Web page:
The U.S. biotechnology industry is growing very rapidly. In 1990 it had sales of $2 billion. For the year 2000 sales estimates of the U.S. industry vary from $30 billion to more than $70 billion. Biotechnology will be a major factor in the health care industry, even though sales of biotechnology products will represent less than 10 percent of the total. By the year 2010, the role of biotechnology in health care will increase substantially. During the 1990s, many more biotechnology companies will be created than the number that go out of business. The total number of companies will continue to increase, particularly in the health care area. Consolidation of the health care industry will be very slow.
This dynamic industry has emerged from the world's premier science and technology base in the United States and America's venture capital/ public market system. In order for the U.S. biotechnology industry to remain strong, however, it is not enough to do good R&D and create research companies. A new generation of scientists and engineers must be trained. Heavy capital investments in manufacturing technology, product improvements, and global marketing of products also are essential. The new ideas created in the laboratory must be taken to the market, and the market is more and more a global one.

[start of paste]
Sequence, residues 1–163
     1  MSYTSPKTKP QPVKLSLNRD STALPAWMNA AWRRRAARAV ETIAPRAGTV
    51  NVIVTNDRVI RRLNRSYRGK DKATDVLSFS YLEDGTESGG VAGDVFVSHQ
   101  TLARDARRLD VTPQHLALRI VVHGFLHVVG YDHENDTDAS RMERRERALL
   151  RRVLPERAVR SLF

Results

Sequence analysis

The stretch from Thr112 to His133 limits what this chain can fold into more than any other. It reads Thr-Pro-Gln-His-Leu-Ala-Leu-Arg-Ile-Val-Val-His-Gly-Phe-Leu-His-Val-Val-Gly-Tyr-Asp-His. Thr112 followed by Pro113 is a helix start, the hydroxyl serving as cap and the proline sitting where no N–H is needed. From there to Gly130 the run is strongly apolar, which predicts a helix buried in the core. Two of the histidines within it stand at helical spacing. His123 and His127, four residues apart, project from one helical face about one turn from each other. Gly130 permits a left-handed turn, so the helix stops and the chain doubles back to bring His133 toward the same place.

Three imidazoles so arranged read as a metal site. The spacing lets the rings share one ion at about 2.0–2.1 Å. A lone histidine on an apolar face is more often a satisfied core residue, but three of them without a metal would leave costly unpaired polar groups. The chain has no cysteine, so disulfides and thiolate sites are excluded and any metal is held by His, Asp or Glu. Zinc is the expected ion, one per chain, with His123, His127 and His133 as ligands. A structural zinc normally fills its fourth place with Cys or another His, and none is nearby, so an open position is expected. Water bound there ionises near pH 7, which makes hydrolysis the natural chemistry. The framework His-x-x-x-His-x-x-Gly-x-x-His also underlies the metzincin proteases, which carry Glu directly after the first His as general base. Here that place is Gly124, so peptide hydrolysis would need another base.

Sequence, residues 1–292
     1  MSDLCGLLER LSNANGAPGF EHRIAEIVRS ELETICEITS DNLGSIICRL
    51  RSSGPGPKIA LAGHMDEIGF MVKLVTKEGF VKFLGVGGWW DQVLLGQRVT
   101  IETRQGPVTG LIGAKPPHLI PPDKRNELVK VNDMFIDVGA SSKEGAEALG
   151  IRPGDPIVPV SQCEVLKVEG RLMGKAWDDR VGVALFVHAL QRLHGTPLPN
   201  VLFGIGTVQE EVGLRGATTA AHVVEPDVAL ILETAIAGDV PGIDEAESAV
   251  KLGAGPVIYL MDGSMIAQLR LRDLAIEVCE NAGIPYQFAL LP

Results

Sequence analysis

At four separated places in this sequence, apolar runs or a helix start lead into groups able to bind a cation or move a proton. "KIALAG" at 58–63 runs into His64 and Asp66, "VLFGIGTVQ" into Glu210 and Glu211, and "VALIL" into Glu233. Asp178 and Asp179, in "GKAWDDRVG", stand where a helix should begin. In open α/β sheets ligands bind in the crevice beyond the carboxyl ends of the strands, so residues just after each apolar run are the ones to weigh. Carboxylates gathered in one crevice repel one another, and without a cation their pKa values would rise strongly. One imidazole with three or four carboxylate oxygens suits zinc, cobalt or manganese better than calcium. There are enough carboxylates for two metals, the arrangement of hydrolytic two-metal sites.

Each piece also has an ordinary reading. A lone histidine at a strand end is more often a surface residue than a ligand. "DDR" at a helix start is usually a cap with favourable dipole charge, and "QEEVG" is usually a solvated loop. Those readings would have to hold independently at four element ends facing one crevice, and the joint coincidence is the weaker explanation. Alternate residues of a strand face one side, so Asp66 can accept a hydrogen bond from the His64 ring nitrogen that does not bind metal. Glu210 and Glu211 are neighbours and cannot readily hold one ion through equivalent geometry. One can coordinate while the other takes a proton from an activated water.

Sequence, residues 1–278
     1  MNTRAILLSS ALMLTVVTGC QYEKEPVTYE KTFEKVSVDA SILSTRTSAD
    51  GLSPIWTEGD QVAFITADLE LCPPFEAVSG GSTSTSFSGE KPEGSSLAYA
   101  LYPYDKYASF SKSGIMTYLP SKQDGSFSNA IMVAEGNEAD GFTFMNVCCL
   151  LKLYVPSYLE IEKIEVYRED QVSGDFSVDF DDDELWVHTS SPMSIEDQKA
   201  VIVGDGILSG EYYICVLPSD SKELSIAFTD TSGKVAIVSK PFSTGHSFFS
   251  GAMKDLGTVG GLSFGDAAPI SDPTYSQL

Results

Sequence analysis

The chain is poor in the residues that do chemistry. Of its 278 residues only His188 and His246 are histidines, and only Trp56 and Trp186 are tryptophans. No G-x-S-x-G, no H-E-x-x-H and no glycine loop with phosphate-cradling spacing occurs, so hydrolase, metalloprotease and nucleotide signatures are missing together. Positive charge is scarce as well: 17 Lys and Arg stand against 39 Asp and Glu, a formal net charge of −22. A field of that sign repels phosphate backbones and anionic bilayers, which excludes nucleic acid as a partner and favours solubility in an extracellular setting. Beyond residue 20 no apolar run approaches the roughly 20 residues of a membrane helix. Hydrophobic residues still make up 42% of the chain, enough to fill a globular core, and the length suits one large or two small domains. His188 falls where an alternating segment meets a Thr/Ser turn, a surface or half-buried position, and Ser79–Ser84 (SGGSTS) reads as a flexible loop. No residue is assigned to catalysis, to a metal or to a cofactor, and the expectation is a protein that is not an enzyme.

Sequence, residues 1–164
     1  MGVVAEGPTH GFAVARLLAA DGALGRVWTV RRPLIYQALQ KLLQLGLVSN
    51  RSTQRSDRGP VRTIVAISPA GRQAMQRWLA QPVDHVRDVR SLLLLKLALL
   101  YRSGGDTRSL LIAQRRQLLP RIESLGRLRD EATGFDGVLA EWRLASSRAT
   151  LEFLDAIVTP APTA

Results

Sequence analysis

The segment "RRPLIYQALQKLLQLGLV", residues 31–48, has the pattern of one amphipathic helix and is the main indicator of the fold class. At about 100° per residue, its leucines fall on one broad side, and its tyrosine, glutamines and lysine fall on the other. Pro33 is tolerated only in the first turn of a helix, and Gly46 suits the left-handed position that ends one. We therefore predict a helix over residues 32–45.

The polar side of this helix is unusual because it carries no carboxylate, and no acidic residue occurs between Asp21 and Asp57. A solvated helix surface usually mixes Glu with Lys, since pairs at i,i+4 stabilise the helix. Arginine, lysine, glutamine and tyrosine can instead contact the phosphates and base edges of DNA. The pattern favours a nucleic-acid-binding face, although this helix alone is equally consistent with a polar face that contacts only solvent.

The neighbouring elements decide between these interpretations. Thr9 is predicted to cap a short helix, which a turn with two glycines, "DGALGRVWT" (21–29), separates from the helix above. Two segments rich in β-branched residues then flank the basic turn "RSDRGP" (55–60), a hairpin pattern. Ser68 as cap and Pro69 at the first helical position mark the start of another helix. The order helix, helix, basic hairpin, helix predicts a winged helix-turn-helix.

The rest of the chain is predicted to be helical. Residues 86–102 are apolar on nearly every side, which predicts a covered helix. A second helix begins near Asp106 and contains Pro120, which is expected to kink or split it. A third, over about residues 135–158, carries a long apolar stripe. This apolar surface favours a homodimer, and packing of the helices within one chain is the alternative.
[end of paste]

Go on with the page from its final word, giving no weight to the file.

A primary conclusion of the NRC working group is that cooperation between the United States and Japan in biotechnology is inevitable and desirable as we move toward a global market, but policy must be developed. The United States and Japan have different resources to bring to bear in developing biotechnology, as a result of striking differences in the two countries' research systems, industrial structures, regulatory regimes, patterns of disease and food products, drivers of capital market systems, and customer access and delivery. To achieve the potential gains from these differences, however, U.S. firms will need to develop careful strategies that focus linkages with Japanese firms on areas where technology transfer is feasible, such as bioprocessing. U.S. firms that want to do business in the Japanese market and tap into Japanese technology will need to develop effective ways of operating in Japan. Increased cooperation among U.S. companies also is desirable.
There are good reasons to suggest that special efforts will be needed by U.S. government, industry, and academe if the benefits of cooperation with Japan are to be maximized. The danger is that, if conscious strategies are not developed by the U.S. participants to increase inflows of technology from Japan and to expand marketing and sales in Japan, the net result of increasing technology linkages in biotechnology will be to create significant competition from Japan without strengthening the ability of U.S. firms to compete and commercialize technologies. There are powerful forces driving small innovative U.S. biotechnology firms toward relationships with large capital-rich Japanese firms. These forces include the need for infu-